The apocalyptic romance Perfect Sense merges sensuality with sci-fi doom like few other movies. Director David Mackenzie talks to Trevor Johnston.
Northumberland-born, Glasgow-based David Mackenzie is among the most enterprising and prolific British directors of his generation, having made seven features since The Last Great Wilderness in 2002. His work, which trades on thematic intelligence, a European attitude to sexuality and a willingness to blur boundaries, includes Young Adam, Hallam Foe and Ashton Kutcher vehicle, Spread. His latest, Perfect Sense, tells of a love story between Ewan McGregor and Eva Green as an epidemic hits Glasgow.
Perfect Sense resists classification – can we call it a ‘sci-fi romance’?
Well, it’s got science in it, it’s a fiction, but it’s not trying too hard to belong to the sci-fi genre. I’m not sure there’s one word for it. A human response movie? A find-your-humanity movie? Dare I say it, it seems quite original. I have to credit the writer, Kim Fupz Aakeson, for coming up with the concept of people losing everything they have to lose, of how we might adapt to that change and at the same time there being this love story going in the opposite direction to the decline of everything else. So it was a smart, poetic and rather honest way of dealing with some pretty heavy human themes.
Fupz, a fine old Danish name?
And he actually signs himself Fupz. Just Fupz. He’d originally set the film in Copenhagen and it came to me through my company Sigma’s association with Zentropa Films over there. But I could never see it being set in Denmark. They’d just deal with the crisis too efficiently. It was always going to be more interesting in a city that was halfway on its knees already. Which is where Glasgow came in.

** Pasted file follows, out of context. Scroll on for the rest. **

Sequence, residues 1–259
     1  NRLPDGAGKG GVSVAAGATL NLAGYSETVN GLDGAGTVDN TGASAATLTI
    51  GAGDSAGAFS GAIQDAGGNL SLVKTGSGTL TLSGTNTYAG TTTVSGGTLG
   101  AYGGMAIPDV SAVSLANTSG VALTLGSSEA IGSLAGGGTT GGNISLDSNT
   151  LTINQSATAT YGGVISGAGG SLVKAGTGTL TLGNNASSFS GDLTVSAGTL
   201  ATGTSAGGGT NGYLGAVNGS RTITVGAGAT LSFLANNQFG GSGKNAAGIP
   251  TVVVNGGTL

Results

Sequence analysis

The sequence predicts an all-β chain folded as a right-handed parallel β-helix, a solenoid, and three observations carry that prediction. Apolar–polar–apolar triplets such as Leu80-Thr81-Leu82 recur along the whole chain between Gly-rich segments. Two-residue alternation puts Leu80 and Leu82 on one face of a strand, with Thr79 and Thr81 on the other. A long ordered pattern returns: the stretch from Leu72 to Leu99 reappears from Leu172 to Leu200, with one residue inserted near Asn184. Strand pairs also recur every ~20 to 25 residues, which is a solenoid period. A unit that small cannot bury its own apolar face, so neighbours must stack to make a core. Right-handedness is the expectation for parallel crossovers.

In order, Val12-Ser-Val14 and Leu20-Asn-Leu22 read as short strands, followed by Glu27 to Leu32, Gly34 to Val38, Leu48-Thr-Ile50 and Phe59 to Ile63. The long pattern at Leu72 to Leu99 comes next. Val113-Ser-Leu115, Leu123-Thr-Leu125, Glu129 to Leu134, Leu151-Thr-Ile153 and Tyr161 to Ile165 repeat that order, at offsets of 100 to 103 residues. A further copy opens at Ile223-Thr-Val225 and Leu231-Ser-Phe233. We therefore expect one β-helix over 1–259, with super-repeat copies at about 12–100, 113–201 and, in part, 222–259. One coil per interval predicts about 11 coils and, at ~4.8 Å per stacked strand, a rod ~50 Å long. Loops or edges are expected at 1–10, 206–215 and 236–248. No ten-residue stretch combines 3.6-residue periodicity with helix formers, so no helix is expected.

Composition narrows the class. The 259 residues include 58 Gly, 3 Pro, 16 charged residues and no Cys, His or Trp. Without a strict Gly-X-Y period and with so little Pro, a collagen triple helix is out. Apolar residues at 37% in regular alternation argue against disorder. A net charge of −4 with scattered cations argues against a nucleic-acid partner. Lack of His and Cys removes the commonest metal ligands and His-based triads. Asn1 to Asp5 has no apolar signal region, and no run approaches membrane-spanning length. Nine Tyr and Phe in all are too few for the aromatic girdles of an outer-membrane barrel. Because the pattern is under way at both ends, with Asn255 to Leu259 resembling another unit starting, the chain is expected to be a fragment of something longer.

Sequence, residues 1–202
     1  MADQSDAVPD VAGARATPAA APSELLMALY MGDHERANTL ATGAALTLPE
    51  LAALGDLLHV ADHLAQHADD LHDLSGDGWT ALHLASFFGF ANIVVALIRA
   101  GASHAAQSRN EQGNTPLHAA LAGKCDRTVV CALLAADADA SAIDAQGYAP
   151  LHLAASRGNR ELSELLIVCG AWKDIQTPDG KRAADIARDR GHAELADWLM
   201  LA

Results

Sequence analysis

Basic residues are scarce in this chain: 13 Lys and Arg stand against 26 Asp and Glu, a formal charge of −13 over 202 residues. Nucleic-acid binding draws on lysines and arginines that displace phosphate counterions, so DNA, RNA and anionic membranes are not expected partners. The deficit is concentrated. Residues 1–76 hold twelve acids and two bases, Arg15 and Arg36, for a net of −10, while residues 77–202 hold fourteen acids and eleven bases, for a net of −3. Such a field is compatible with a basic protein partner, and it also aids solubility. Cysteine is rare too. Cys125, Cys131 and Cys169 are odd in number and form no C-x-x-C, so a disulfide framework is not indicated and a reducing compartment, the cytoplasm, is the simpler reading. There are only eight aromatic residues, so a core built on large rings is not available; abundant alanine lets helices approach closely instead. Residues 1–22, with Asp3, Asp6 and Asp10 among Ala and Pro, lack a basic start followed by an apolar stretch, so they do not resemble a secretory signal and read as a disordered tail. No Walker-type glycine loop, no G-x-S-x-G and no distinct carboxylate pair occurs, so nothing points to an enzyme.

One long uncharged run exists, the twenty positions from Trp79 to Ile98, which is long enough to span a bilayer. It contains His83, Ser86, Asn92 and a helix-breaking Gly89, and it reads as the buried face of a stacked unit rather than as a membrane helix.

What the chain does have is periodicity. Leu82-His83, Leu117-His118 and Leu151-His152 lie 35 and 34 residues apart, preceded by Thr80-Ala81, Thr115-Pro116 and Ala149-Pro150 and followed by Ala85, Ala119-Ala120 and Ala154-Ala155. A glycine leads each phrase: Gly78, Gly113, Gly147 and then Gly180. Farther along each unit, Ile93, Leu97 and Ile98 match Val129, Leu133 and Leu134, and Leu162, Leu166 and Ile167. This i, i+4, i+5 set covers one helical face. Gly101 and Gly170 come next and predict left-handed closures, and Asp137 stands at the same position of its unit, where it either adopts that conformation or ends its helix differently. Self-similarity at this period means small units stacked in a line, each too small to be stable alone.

It’s really less about the setting than the notion of the two lovers discovering their humanity as it’s taken away from them.
Well, that’s it. It’s a film which is not necessarily about the story but about the questions it raises for the viewer, the echoes it has for them. I enjoyed making a film which wasn’t too literal, which was brave enough to be metaphorical in certain areas.
You keep it quite intimate, which must have worked in your favour in terms of budget?
Yes, but it was actually more important that it wasn’t about the money. For instance, if you look at the opening scene of Saving Private Ryan then you see essentially the same events as those covered in Sam Fuller’s The Big Red One – with a hand in the water, a watch and blood in the waves. There’s an argument to say that the cheaper but more poetic version is better cinema.
That’s not a fashionable view, the way today’s industry operates…
Maybe – but I’m not very good at being dishonest, which is why I’ve never done a sequel or some franchise-type thing. I came into the business out of a love of European cinema, not a passion for comic books or old TV shows which seem to be the case with a lot of the younger directors coming up.
Even so, unlike a lot of British filmmakers, you’ve rolled up your sleeves and managed to make a succession of worthwhile films.
Yes, and they’re pretty much all mine, even the ones I’ve done for other people. I’ve always been a bit of a rebel. I don’t like conformity. I don’t like being put in a box. In some ways, I feel I’ve spent the last 10 years making movies that nobody knows about. Sometimes I feel a bit lost in obscurity but I do feel fortunate to be making films. I’d just like to make one that lots of people will go and see. Let’s hope Perfect Sense will be that movie.
Perfect Sense opens on May 31.